Returning to encore with four further tracks; the darkly atmospheric ‘This Wreckage’ the additional strings amplifying the tracks brooding melancholy, the perfect lead into ‘The End Of Things’ which transformed into a glowering soundtrack to a yet to be made dystopian film epic, and ‘A Prayer For The Unborn’ – perhaps the highlight of the night; strings shimmering in the darkness, Numan wrapped around his mic stand ahead of the thunderous reverberating sounds; this was spine tingling stuff.

Gary Numan Manchester Nov ©Phil Newall 2018 for Louder Than War (2)

Numan took the time to thank both Orchestra and choir before introducing ‘It Will End Here’ the lead track from the current ‘The Fallen’ EP; he hadn’t provided either with the music so this one was left to his band, further demonstrating that Numan is far from prepared to rest on his laurels; he is continuing to develop musically, forging ahead on his terms.

Numan at Bridgewater Hall was a moment to remember, every track delivered with precision, yet retaining a dark intensity; despite a career stretching back some 40yrs, Numan is perhaps only now hitting his prime.

1. Ghost Nation
2. Metal
3. Bed of Thorns
4. Films
5. Everything Comes Down to This
6. Pray for the Pain You Serve
7. Down in the Park
8. Broken
9. Splinter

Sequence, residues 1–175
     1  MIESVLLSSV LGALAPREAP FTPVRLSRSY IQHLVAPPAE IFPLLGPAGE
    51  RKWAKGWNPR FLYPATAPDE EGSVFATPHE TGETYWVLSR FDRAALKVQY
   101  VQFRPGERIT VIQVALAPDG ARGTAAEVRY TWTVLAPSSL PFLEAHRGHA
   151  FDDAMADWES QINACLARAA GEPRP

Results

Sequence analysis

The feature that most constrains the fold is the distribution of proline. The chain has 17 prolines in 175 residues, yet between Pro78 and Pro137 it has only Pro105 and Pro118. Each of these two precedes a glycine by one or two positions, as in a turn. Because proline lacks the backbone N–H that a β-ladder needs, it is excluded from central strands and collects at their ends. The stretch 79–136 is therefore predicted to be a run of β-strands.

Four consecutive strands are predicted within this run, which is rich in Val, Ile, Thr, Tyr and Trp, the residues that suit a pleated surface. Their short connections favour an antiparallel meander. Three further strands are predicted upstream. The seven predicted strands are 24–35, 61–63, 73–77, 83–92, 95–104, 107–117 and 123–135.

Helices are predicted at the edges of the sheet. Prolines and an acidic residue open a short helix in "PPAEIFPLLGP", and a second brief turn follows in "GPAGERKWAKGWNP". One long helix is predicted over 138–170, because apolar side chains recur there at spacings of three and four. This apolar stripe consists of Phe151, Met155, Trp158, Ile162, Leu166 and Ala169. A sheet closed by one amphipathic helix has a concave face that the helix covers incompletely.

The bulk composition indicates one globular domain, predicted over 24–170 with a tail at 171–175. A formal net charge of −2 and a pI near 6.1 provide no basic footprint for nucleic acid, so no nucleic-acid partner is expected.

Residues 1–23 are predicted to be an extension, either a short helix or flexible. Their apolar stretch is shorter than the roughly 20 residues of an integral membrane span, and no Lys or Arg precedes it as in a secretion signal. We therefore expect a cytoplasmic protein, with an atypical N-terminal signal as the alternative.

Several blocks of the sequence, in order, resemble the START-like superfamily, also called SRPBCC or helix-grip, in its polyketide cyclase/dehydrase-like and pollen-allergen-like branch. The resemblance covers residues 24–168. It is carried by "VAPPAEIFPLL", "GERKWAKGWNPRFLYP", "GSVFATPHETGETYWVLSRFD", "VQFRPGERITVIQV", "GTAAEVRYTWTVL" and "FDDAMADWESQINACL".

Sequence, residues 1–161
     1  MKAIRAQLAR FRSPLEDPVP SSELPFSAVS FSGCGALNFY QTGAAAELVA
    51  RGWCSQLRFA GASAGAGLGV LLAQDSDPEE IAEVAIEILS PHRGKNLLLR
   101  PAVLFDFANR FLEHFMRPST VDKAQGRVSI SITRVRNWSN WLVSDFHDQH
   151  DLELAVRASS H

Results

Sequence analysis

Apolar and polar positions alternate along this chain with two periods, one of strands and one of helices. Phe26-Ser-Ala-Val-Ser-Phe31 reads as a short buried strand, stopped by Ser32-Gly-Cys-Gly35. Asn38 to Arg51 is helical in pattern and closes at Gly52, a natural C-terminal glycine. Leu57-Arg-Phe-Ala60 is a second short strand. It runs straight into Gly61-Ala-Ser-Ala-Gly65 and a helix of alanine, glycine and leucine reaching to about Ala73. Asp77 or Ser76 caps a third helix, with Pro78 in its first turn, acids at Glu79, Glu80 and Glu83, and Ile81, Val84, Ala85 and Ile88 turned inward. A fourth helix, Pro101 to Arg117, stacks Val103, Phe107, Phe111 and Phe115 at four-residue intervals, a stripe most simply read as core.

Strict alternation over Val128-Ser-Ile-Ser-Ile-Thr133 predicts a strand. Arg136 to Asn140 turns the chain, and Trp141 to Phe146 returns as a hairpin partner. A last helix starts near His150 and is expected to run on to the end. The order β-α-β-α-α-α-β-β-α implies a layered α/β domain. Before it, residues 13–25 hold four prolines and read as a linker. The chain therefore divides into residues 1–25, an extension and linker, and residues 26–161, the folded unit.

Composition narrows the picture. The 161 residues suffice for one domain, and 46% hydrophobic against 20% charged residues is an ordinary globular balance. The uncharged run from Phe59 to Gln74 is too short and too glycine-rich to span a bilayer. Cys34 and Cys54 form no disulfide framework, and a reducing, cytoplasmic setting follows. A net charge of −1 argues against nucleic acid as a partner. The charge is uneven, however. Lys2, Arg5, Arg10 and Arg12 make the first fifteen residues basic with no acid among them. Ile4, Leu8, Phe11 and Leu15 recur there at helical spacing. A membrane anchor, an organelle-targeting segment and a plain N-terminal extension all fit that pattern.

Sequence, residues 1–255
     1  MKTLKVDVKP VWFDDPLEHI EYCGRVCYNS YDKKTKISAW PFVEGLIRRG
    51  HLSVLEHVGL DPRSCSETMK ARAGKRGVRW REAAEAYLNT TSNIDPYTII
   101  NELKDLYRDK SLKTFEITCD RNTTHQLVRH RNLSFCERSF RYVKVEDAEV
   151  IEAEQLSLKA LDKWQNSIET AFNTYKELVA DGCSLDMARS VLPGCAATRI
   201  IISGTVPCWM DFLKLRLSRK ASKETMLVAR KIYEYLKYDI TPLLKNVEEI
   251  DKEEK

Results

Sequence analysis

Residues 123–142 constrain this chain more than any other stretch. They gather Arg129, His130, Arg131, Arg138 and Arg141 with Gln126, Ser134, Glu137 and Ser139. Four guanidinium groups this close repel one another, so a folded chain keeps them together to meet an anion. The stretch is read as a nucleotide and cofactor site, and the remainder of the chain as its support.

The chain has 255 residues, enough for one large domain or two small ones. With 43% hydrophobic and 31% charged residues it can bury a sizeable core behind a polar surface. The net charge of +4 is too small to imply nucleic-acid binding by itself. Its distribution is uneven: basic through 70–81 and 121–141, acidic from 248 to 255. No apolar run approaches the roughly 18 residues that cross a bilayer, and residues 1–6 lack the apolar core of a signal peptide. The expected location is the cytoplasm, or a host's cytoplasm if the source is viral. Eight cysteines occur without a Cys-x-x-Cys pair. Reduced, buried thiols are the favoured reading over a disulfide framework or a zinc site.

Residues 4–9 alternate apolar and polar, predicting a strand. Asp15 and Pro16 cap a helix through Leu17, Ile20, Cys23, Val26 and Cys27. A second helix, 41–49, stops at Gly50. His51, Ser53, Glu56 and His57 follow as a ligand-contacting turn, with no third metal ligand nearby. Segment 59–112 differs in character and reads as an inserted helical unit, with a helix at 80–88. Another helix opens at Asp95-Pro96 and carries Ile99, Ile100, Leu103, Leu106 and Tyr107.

10. Here in the Black
11. My Name Is Ruin
12. Jagged
13. Mercy
14. My Breathing
15. Are ‘Friends’ Electric?
16. This Wreckage
17. The End of Things
18. A Prayer for the Unborn
19. It Will End Here (without orchestra/choir)

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Phil Newall is 47, from The Wirral - he earns his living not writing about music nor playing music...though sorely wishes he could. He was fortunate enough to see many of the first generation punk bands when they played the U18's matinee shows at Eric's, Liverpool. As an attendee at Eric's he was exposed to punk rock, dub reggae, art rock, and all manner of weirdness; as a customer at Probe Records he was variously served and scowled at by Pete Wylie and Pete Burns - he has written for Record Collector, Whisperin & Hollerin, and Spiral Scratch and wanted to write a book detailing the Liverpool punk scene; however with 'Head-On' Julian Cope beat him to it...and frankly did a much better job.


  1. Yes it was an unforgettable performance, definitely in the top 3 of all the times I’ve seen him.,only slightly spoiled by the two fat cunts in front of us and elsewhere who wouldn’t shut there stupid gobs at every opportunity.

    • Not just near us then, why do these pricks spend so much money just to chat and spoil it for everyone else!?!?!?!
      It seems to be every gig now, not just Numan, I’ve got one mate so pissed off with these morons that he’s calling it a day on live performances.
      Totally agree on the ‘Numan’ chants too, go for it between tracks but shut the fuck up during a song!!!
      To finish on a positive, we were at the RAH & Shepherds Bush, thought they were incredible!

  2. Have to agree the shouting of “Numan…Numan” at all the wrong parts, ie when you had the synth, choir and string breaks was really annoying. It did spoil it a bit for me, but obviously goes on elsewhere ?

    • Yes agreed on the “Numan” chanting at inappropriate times, I think many forgot we were watching a fantastic orchestra too. Great review

  3. What a fantastic way to spend Saturday night my hero and my best friend.Gary numan even had time while on stage to shake my hand never to be washed again nuuuumaaaan we love you